Urban Engines

Startup applies web wisdom to real-world transportation matters.

By David Z. Morris
January 28, 2016
January 28, 2016

Urban Engines, the transportation planning startup founded by a former Google engineer and funded in part by Google Ventures and Andreessen Horowitz, announced a series of new partnerships today. They include agreements with Japan’s Softbank sftby , India’s Delhivery express service, and Toyota’s toyof InfoTechnology research center.

Urban Engines’ cloud-based Space Time Engine is designed to leverage the rising wave of transportation data generated by connected and smart vehicles, intelligent transportation systems, and mobile applications—the so-called “Internet of Moving Things.” Urban Engines’ new partners will use the tool to build new consumer applications and optimize their operations.

“We help folks with lots and lots of movement data to visualize what’s going on,” says CEO Shiva Shivakumar. “To analyze what’s going on, and also to change their transportation network.”

Shivakumar spent nearly 10 years as an engineer at Google googl , playing a major role in products like AdSense and Sitemaps. In 2010, he decided to transition to working in the real world: “The idea was, how do we take what we’re learning from the web, and use our experiences to make movement faster and better and more personalized?”

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He describes Urban Engines as something like an A/B testing tool for cars, trains, roads, and buses—mirroring web and mobile companies’ tactic of rolling out multiple versions of a product or site to see which works best.

“That, in the real world, is just way more expensive,” says Shivakumar. “You can’t change a road network that easily.”

So instead, Urban Engines runs highly detailed emulations of multiple transportation scenarios—anything from a serious blizzard to a major football game to a 10% growth in occupancy in two specific buildings.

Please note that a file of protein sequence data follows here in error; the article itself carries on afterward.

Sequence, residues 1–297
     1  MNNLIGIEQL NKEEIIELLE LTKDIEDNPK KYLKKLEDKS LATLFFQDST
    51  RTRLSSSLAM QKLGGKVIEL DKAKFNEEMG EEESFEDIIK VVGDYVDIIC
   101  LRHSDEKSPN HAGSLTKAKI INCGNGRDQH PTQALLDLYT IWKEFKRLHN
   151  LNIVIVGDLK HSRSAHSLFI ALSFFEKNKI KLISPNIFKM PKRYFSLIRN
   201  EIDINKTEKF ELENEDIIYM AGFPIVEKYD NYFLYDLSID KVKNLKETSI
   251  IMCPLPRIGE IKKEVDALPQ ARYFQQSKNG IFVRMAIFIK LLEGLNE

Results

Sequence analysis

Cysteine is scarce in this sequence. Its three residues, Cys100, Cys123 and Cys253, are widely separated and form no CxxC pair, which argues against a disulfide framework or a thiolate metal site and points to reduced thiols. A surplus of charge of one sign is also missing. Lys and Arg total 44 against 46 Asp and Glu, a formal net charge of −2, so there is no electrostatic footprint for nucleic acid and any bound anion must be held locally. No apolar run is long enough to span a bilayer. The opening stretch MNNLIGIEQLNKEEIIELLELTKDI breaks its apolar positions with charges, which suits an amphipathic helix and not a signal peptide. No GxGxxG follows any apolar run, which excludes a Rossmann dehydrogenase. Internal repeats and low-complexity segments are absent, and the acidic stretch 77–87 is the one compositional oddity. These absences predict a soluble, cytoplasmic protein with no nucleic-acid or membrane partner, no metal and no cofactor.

Similar technology is common in transportation research institutes, where specialist academics use it to project the impacts of large projects like new train lines, or to optimize large delivery networks like Walmart’s wmt . Urban Engines claims that its emulator is more detailed than those solutions.

But perhaps more important is that it promises to make mathematical transport planning more accessible. The system has an intuitive interface and allows collaboration across the cloud, which helps non-experts in large organizations collaborate on planning everything from delivery routes to new highways.

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The system was also, in a demonstration given to Fortune, remarkably fast. Even small transportation problems involve many variables and large amounts of data, but Urban Engines was able to emulate changing conditions in almost real time. Shivakumar attributes that to the company’s proprietary mathematics.

Urban Engines is part of a broader push to use data science and cloud computing to track and manage transportation networks. With traffic congestion in the U.S. expected to increase by more than 10% by 2020, smart transportation tools like Urban Engines’ are poised to answer a broad demand for transportation efficiency. The company says that in addition to its new partners in auto and mobile, it is already working with cities including Singapore, Casablanca, and Manchester, England, and recently signed a deal with Bay Area Rapid Transit in San Francisco.

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